Q: In your most recently published novel, what’s one scene you really enjoyed writing—and why?

A: In the third book my protagonist gets married. There is a chapter where she introduces her boyfriend/fiancĂ© to her rural Alabama, Southern Christian father. It’s probably the funniest thing I have ever written. I have two daughters, eleven and fifteen. Working those emotions through with all the characters will, I hope, help me the first time my girls drag a less than acceptable young man to my door.

Q: What makes the main character(s) of your most recent novel so special?

A: My books are linear. They will stand on their own but for full enjoyment you need to read them in order. In my latest novel my protagonist finally gets the payoff of living a moral life. From the time she was a child she suffered through many tragedies but overcame [them] with her faith, family, friends and a strong stubborn will. Of course everyone has their own definition of moral.

Q: What is your best advice for author self-promotion?

A: I’m clueless. My books have sold through word of mouth. There is around 5000 in circulation. I will share two lessons I learned the hard way. Get a pro to do your cover. Your artist friends drawing doesn’t cut it. People spend so much time and effort on the story then throw it away with a poor cover. If that cover isn’t eye catching you will never get the average Amazon book searcher to read it. They need to stop and look. Spend the money. Second is price point. Especially if it’s your first novel. Your job is to get read. As an author that reached out to me long ago said, “You are playing for beer money.” $4.99 on the outside for a 400+ page novel; less for shorter ones. On the flip side, .99 cents, unless it’s a special, will make it appear too cheap. $2.99 to $4.99 seems to be the going rate.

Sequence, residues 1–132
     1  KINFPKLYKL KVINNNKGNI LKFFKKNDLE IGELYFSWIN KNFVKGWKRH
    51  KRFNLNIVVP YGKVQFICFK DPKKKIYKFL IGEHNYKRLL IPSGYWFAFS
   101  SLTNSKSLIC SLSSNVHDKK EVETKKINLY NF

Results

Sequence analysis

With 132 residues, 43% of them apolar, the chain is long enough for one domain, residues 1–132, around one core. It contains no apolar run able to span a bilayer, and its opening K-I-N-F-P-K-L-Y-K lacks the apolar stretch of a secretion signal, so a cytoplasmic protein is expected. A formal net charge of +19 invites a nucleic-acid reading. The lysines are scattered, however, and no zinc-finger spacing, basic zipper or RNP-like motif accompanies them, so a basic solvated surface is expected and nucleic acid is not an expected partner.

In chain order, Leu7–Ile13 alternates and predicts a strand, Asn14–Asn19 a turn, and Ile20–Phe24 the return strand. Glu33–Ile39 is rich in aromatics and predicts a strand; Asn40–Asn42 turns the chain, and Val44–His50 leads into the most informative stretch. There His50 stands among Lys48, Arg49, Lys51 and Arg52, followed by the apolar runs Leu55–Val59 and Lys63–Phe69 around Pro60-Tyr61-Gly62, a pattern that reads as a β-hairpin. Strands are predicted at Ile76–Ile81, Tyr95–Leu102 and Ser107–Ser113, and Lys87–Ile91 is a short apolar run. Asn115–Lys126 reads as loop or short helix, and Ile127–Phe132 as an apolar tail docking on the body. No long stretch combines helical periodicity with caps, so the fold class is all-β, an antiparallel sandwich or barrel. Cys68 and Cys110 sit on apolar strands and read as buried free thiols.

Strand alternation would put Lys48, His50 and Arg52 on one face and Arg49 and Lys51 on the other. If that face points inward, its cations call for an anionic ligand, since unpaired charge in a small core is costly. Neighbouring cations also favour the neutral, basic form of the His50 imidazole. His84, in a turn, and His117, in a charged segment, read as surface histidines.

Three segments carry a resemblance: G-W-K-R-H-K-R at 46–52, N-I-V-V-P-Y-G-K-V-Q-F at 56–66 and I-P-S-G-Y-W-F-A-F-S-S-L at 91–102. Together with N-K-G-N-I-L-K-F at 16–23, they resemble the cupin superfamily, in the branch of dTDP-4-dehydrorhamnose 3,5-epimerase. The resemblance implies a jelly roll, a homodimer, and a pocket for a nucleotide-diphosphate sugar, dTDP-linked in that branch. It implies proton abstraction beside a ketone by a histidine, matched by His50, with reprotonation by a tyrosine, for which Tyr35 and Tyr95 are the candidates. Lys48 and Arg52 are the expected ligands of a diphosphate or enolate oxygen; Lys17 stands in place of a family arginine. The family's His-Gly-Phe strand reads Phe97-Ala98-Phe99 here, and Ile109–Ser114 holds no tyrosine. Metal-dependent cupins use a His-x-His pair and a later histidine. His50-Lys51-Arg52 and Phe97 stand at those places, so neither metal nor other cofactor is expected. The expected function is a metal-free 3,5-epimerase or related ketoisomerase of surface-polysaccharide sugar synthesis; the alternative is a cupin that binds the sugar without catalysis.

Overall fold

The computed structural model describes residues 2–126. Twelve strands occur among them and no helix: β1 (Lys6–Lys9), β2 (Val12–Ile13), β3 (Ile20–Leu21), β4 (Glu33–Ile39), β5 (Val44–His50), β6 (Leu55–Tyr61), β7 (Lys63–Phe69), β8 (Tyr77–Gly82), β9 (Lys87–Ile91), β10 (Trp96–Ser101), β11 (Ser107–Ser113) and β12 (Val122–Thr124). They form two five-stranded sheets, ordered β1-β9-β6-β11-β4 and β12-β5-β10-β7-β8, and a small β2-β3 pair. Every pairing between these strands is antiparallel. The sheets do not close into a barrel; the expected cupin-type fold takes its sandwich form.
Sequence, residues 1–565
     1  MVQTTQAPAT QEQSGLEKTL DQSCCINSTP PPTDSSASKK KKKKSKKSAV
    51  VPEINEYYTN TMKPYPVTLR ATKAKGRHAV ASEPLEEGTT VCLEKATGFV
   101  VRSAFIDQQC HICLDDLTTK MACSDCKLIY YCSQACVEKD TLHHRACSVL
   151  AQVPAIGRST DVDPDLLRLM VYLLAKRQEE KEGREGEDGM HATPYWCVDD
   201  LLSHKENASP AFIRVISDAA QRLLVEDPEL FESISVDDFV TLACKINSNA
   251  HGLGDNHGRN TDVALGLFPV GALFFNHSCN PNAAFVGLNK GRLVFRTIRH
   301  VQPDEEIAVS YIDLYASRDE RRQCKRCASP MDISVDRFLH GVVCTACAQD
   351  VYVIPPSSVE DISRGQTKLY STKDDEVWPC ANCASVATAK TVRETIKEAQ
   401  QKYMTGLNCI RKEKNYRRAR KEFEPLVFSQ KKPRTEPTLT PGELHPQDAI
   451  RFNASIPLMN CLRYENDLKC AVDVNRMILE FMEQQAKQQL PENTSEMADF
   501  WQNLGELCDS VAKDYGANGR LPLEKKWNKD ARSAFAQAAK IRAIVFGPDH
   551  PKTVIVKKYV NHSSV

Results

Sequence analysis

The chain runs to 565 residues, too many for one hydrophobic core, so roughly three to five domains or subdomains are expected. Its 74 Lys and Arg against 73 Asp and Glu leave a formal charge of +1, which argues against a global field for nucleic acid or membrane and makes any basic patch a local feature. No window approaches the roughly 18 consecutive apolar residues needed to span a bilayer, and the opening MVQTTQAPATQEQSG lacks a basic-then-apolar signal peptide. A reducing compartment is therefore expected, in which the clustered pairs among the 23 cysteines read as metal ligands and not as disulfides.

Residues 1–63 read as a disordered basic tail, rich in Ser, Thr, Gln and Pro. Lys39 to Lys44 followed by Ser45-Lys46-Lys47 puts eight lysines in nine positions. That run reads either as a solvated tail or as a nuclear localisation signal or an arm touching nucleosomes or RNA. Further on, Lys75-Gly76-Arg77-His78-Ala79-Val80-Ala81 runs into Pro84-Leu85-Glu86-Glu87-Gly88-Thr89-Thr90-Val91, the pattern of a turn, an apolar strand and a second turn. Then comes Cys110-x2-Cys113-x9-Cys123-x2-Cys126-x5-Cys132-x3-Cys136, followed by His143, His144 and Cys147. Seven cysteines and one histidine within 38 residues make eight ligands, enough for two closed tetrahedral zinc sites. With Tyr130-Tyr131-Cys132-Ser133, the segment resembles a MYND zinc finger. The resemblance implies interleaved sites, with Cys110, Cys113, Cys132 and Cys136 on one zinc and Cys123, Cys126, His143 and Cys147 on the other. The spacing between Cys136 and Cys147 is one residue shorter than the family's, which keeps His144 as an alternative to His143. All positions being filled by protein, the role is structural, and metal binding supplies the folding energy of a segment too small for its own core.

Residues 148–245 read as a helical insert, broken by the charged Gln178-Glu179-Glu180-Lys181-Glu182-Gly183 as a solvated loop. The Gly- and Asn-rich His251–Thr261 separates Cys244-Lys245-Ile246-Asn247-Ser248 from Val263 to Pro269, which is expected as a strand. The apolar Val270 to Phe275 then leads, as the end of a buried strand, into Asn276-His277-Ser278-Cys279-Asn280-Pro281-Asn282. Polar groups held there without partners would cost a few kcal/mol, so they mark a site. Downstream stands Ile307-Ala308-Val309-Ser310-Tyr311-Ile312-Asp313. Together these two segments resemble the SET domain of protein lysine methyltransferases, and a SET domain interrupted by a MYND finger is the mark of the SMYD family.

Q: How do you deal with negative reviews?

A: I do exactly what everyone tells you not to do. I really don’t have any bad reviews on Amazon, except one person that didn’t like my politics and I can’t help that. Goodreads on the other hand, I have had two. I contact them and thank them for reading it. No matter how ridiculous their claims I make sure they know I take all reviews seriously and then end with this, “Even though it is clear it wasn’t the best book you have ever read, it moved you enough to write a review. I will consider that a success.” My honest feedback caused one reviewer to change his review from two stars to three stars.
Q: What is your favorite aspect of being an indie author?

A: Control of my content. I know several authors with publishers that have had their books stripped of what they believed was their best writing because of concerns over political correctness. I do not have those issues.

Q: What is your least favorite aspect of being an indie author?

A: Not getting any marketing help.

Q: What is your current writing project?

A: Amy Lynn #3, The Lady of Castle Dunn. I have betas, editors, a couple of friends and myself picking apart the manuscript looking for mistakes. I truly believe it will be my best work so far.

Q: What are three of your favorite novels?

A: MiG Pilot, The Final Escape Of  Lt. Belenko by John Barron; Without Remorse by Tom Clancy; Run Silent Run Deep by Edward L Beach

Q: If you could have lunch with any novelist, living or dead, who would it be? What would talk to them about?

A: Vince Flynn. I would want to know how he felt about his characters. If he had the same deep personal relationships with them that I do.

Q: What is your best piece of advice for budding authors?

A: Steven King never tried to be Edgar Allen Poe. You should never try to be anyone other than yourself. It’s your originality that sets you apart. The greatest compliment I have ever received is, “I’ve never read anything like this." Don’t be a slave to the rules. Kick that box people want to put you in down the street.

Q: What is your favorite inspirational quote?

A: "I might repeat to myself, slowly and soothingly, a list of quotations beautiful from minds profound–if I can remember any of the damn things." – Dorothy Parker


1 comment:

  1. Wow, I love Jack's response to negative comments. Whilst I doubt I would ever reply to any negative reviews I may receive, this is admirable!